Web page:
"Any sufficiently advanced technology," wrote science fiction giant Arthur C. Clarke some years ago, "is virtually indistinguishable from magic." This acknowledgment of our own technological immaturity has subsequently become known as Clarke's Law, and is one basis for Shklovskii's and Sagan's Assumption of Mediocrity which underlies so much SETI research. SETI League President Richard Factor has proposed an interesting corollary to Clarke's Law: "Any sufficiently advanced modulation scheme is virtually indistinguishable from noise."
At the recent Central States VHF Conference, NASA geophysicist Dr. Thomas A. Clark alluded to Factor's corollary in expressing a healthy skepticism as to the viability of SETI in general, and amateur SETI in particular. "How can we hope to detect them," Tom asked, "if we don't even know what form their signals might take?" He points to the primary use of the Water Hole frequencies by human civilization, spread-spectrum Global Positioning Satellites, and wonders whether technology such as ours could even detect such signals at a distance, let alone recognize them as being of intelligent origin.
Over the past few years Kent Britain of the North Texas Microwave Society has done quite a bit of analysis of spread-spectrum signals, especially with respect to their growing presence in the shared 33 cm amateur band. Proponents of wireless LANs in this part of the spectrum tout their inherent security. Kent questions these claims, and with good reason. He has demonstrated how, with simple components (filters, amplifiers and double-balanced mixers), the spreading signal can be canceled, effectively decoding spread-spectrum without the key. This being the case, what's the problem with detecting SETI signals?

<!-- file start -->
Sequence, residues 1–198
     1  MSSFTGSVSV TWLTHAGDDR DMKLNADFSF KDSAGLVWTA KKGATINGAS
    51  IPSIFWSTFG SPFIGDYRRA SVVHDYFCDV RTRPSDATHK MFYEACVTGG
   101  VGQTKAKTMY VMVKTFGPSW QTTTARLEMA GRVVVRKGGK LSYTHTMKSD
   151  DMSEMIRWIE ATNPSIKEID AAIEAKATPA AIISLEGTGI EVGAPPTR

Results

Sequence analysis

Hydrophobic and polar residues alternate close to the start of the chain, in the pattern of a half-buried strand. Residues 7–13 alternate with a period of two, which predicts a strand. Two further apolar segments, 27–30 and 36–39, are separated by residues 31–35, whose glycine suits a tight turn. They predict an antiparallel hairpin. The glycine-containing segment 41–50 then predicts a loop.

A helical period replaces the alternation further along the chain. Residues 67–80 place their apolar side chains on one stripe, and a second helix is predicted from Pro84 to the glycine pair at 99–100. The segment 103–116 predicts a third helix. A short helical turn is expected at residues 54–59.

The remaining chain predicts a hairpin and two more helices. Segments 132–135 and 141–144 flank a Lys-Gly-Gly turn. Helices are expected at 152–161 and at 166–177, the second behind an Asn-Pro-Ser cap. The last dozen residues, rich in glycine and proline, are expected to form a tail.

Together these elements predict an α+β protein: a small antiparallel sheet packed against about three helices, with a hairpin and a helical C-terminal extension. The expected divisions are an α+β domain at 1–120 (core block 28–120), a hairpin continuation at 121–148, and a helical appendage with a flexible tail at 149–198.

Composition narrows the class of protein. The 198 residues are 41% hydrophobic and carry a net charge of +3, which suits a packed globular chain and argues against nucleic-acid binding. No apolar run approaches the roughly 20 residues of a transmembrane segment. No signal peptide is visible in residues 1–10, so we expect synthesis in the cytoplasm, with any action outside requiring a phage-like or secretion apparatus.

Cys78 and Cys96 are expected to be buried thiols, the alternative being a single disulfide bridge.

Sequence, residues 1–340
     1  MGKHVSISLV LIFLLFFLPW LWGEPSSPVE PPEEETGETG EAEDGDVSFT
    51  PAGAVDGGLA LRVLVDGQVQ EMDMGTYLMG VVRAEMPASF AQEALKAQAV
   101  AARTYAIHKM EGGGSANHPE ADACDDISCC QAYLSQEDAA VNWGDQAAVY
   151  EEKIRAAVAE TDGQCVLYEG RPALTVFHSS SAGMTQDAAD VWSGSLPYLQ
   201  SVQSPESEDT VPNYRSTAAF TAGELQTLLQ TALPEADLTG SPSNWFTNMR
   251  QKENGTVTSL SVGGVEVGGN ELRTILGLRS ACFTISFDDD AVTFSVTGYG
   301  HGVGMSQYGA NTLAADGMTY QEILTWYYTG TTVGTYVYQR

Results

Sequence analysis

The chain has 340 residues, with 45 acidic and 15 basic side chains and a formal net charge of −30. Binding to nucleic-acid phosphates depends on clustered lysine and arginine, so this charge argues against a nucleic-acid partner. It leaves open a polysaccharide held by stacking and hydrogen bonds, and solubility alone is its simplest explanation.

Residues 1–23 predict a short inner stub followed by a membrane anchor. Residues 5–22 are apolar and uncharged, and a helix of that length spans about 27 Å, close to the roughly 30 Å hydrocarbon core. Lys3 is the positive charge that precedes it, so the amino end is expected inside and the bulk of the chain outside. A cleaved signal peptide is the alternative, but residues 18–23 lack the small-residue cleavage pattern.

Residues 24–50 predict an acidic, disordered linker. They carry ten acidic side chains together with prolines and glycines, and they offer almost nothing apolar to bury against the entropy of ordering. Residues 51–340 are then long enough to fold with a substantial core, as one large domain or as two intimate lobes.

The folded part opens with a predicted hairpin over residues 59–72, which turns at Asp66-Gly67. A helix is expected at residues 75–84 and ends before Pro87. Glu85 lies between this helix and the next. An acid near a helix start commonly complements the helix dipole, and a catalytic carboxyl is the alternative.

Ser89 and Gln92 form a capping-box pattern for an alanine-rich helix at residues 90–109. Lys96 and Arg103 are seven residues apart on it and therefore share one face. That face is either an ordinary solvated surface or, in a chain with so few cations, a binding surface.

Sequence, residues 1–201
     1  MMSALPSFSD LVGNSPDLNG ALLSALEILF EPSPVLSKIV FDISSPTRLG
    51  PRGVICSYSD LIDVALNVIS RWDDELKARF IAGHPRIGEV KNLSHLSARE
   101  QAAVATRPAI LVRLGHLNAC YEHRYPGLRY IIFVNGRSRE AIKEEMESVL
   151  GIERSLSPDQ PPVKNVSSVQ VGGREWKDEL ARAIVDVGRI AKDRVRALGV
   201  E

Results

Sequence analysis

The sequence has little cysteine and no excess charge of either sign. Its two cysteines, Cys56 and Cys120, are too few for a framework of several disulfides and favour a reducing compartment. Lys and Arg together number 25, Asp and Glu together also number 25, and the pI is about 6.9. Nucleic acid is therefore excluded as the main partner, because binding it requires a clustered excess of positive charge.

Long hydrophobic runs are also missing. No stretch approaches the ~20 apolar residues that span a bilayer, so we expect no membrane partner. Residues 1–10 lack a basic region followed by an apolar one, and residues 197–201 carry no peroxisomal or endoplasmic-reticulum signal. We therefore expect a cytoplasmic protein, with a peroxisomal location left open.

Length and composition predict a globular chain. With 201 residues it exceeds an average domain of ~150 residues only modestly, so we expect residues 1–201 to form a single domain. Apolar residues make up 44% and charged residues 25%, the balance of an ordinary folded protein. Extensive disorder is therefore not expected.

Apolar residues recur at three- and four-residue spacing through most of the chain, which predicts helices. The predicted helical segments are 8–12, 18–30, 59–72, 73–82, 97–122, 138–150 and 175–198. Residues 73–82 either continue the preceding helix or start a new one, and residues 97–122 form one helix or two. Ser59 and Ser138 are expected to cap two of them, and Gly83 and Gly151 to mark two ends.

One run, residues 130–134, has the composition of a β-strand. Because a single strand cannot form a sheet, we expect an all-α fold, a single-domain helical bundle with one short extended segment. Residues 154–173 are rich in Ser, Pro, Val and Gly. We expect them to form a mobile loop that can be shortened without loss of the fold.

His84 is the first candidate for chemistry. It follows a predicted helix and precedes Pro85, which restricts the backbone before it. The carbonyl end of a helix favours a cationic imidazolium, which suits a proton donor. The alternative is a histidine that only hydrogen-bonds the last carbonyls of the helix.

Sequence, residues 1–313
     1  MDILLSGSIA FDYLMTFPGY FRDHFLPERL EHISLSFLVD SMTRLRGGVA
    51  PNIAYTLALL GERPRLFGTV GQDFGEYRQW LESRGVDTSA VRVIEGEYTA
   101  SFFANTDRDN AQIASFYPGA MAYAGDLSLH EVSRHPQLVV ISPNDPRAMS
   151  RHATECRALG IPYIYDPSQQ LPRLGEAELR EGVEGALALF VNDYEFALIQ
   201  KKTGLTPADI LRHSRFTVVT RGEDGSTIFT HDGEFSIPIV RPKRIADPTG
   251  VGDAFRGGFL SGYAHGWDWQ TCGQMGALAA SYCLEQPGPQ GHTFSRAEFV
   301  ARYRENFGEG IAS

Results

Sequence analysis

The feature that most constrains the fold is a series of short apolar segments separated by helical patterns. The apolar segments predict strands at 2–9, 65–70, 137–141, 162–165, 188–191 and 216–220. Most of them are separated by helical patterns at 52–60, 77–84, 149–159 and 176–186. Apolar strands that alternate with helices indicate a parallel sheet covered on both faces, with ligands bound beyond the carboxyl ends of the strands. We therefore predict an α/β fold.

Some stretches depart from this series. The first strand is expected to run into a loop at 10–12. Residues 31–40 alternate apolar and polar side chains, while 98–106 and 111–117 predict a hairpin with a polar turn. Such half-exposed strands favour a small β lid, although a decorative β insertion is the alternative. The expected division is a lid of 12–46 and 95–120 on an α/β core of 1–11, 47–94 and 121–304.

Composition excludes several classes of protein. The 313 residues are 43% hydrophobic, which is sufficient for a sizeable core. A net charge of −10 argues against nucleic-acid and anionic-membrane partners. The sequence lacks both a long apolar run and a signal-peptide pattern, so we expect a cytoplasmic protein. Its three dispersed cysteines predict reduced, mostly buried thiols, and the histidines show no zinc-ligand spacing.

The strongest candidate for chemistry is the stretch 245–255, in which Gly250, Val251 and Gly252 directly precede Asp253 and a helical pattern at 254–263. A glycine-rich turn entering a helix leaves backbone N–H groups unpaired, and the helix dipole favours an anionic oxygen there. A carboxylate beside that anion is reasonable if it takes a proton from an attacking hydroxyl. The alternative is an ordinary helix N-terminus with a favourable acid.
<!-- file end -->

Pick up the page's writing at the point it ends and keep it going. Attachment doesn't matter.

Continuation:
The problem is that the signals with which Kent has been working are a known entity. They are unmistakably strong, and their general format is known to us a priori. None of this is true of the interstellar communications we hope to intercept. Perhaps Tom Clark is right -- there are just too many variables.
Might digital signal processing help? The primary DSP tool employed in SETI and elsewhere is the Fast Fourier Transform. It can dig coherent signals out of the noise, offering tens of dB of processing advantage. But to implement FFT in our computers, we must make some a priori assumptions about the nature of the signals being detected. Are these assumptions valid for SETI?
At Ohio State University, Professors Chuck Klein and Robert Dixon are working with an alternative to the Fourier Transform, the Karhunen-Loeve. An adaptive transform, the KLT makes no assumptions whatever about the nature of the signal being detected. In computer simulations, it appears to work well with all types of signals, particularly complex ones. Klein's work is yet another example of the type of breakthrough thinking which can not only make SETI viable, but which can spin off to practical applications we cannot begin to imagine. And that, after all, is a major justification for SETI, magic notwithstanding.
entire website copyright © The SETI League, Inc.
this page last updated 4 January 2003
Top of Page